In a clothier's shop in Pawtucket, Rhode Island, Samuel Slater installed the following machines:
3 Carding Machines
2 Water Frames
(1 - 24 spindles, 1 - 48 spindles)
1 Carding and Roving Machine

Within a few years the machinery was moved to a specially built factory.

Listed below are the series of machines in Slater's first American cotton mill:
Flake Preparing cotton for the card was not done at the mill, but in homes nearby.  The custom then was for women to come to the mill and be given quantities of cotton, called buntings, which they took to their homes to be opened up and cleaned on their flakes.  The flake was a sort of rack or frame, three feet square and about three feet high.  On top of the frame were tightly strung cords or small ropes forming a network of about 1/2 inch mesh.  Cleaning the cotton was done by willow switches, each about three feet long.  From 1/2 pound to a pound of cotton was laid on the flake at a time; a woman then beat the cotton with two willow switches, one in each hand, shaking it up at the same time until it was light and fluffy.  She then stopped to pick out the motes, hulls, or other trash that remained in the cotton, the heavy dirt and seeds generally falling through the ropes onto the floor.  After she had finished her bunting, usually between 10 and 20 pounds of cotton, she took it back to the mill, together with the pickings of trash, where it was examined and reweighed.
Breaker Card The cleaned cotton was fed by hand into the back of the breaker card and emerged at the front by means of the doffer and comb as a thin fleece which was then rolled into a lap.  The lap may have been formed at the card, but most likely the fleece was delivered into a box and then taken to a lap machine.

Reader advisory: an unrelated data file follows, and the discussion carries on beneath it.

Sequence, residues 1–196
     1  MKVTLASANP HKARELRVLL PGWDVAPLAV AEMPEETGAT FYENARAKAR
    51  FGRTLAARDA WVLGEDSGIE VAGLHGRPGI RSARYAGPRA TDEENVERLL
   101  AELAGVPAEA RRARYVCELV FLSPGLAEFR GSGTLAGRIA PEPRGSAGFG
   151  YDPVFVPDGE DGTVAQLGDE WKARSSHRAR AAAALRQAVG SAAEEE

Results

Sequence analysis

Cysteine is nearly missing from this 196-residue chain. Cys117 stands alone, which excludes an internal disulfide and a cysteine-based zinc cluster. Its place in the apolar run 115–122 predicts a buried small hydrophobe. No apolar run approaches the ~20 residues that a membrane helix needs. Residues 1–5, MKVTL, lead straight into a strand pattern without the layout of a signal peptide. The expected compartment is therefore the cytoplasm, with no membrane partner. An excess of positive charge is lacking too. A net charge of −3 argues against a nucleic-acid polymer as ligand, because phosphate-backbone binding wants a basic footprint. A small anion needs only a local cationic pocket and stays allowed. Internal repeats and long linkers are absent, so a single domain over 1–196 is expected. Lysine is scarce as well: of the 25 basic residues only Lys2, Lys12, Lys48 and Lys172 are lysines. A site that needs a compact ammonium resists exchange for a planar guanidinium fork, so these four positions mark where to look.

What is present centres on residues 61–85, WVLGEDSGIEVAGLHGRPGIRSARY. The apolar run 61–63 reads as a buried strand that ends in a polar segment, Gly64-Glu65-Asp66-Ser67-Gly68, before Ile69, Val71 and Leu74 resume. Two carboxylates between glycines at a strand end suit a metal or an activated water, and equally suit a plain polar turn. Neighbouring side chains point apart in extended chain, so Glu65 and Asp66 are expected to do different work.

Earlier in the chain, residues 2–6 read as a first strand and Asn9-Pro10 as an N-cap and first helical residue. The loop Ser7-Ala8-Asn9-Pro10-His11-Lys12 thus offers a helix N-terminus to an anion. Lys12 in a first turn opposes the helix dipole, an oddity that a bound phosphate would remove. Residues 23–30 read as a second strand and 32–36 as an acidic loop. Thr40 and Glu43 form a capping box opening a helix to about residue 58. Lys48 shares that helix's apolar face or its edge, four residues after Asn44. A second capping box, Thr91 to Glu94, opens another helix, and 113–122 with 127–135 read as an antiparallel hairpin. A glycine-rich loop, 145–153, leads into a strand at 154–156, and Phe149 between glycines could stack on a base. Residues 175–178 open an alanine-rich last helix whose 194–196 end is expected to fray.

Lap Machine The lap machine consisted of a table about 20 inches wide, 4 feet long, and 2 1/2 feet high.  The top of the table had side or guide rails, and at one end of the table, and between the guide rails, was mounted a roll or drum.  The fleece was laid on the table from which it was wound around the drum to form a lap.
Finisher Card The lap then went to the finisher card.  The fleece was unrolled and again carded, but this time it was gathered to pass through a round trumpet to form a sliver which was delivered into a can.
Drawing Frame Two or more cans from the finisher card were placed at each delivery of the drawing frame.  This machine consisted of a tablelike frame, supporting two lines of rolls.  The slivers passed through the system of rolls where they were reduced in size and then united into a single sliver which was delivered into a can at the front of the frame.
Lantern or
Can-Roving Frame
After the drawing process, the sliver was further reduced in size to make a thin sliver or roving for the spinning frame.  This was done by the roving frame which was similar to the drawing frame, only the rovings, after passing through the rolls where they were considerably reduced, received a slight twist as they were delivered and coiled into a rotating can.  When the can was full, the coils were removed through a side door in the can and deposited in a "skip" which was taken to the bobbin winding-wheel.
Bobbin Winding-Wheel The bobbin winding-wheel consisted of a frame on which was mounted a large wheel and a horizontal spindle driven by a band or belt from the wheel.  An empty bobbin was placed on the spindle, and as the operator turned the wheel by her right hand, the roving from the skip passed through her left hand, which she moved back and forth, from one end of the rotating bobbin to the other until the bobbin was filled.
Spinning Frame From the winding-wheel, the roving bobbins were placed in the creel of the spinning frame.  This frame consisted of 24 spindles - 12 spindles on each side.  The rovings passed through the roll system and were reduced to the required yarn size, the yarn being wound onto small bobbins by means of flyers.  The yarn was then reeled.
Reel The reeling was done on a machine equipped with a swift consisting of slats held by arms on a shaft rotatable in bearings at the ends of the machine.  The yarns were thus wound into skeins which were sold to stores, who retailed them to weavers for their hand looms.

By the turn of the century, more than 100 people worked in the yarn-spinning mill.